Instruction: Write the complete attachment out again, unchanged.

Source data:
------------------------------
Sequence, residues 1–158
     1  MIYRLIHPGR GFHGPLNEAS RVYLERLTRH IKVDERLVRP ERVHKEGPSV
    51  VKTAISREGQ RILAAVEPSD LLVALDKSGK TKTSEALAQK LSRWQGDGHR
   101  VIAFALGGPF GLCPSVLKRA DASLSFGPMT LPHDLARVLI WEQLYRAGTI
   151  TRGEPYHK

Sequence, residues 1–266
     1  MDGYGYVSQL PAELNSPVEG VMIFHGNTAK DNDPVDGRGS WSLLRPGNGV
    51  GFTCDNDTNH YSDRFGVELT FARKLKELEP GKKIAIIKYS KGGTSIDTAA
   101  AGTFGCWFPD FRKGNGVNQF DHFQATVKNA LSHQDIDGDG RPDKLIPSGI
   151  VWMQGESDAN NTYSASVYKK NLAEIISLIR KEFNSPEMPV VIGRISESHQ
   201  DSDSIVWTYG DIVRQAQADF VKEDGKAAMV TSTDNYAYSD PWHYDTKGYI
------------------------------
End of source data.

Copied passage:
Sequence, residues 1–158
     1  MIYRLIHPGR GFHGPLNEAS RVYLERLTRH IKVDERLVRP ERVHKEGPSV
    51  VKTAISREGQ RILAAVEPSD LLVALDKSGK TKTSEALAQK LSRWQGDGHR
   101  VIAFALGGPF GLCPSVLKRA DASLSFGPMT LPHDLARVLI WEQLYRAGTI
   151  TRGEPYHK

Sequence, residues 1–266
     1  MDGYGYVSQL PAELNSPVEG VMIFHGNTAK DNDPVDGRGS WSLLRPGNGV
    51  GFTCDNDTNH YSDRFGVELT FARKLKELEP GKKIAIIKYS KGGTSIDTAA
   101  AGTFGCWFPD FRKGNGVNQF DHFQATVKNA LSHQDIDGDG RPDKLIPSGI
   151  VWMQGESDAN NTYSASVYKK NLAEIISLIR KEFNSPEMPV VIGRISESHQ
   201  DSDSIVWTYG DIVRQAQADF VKEDGKAAMV TSTDNYAYSD PWHYDTKGYI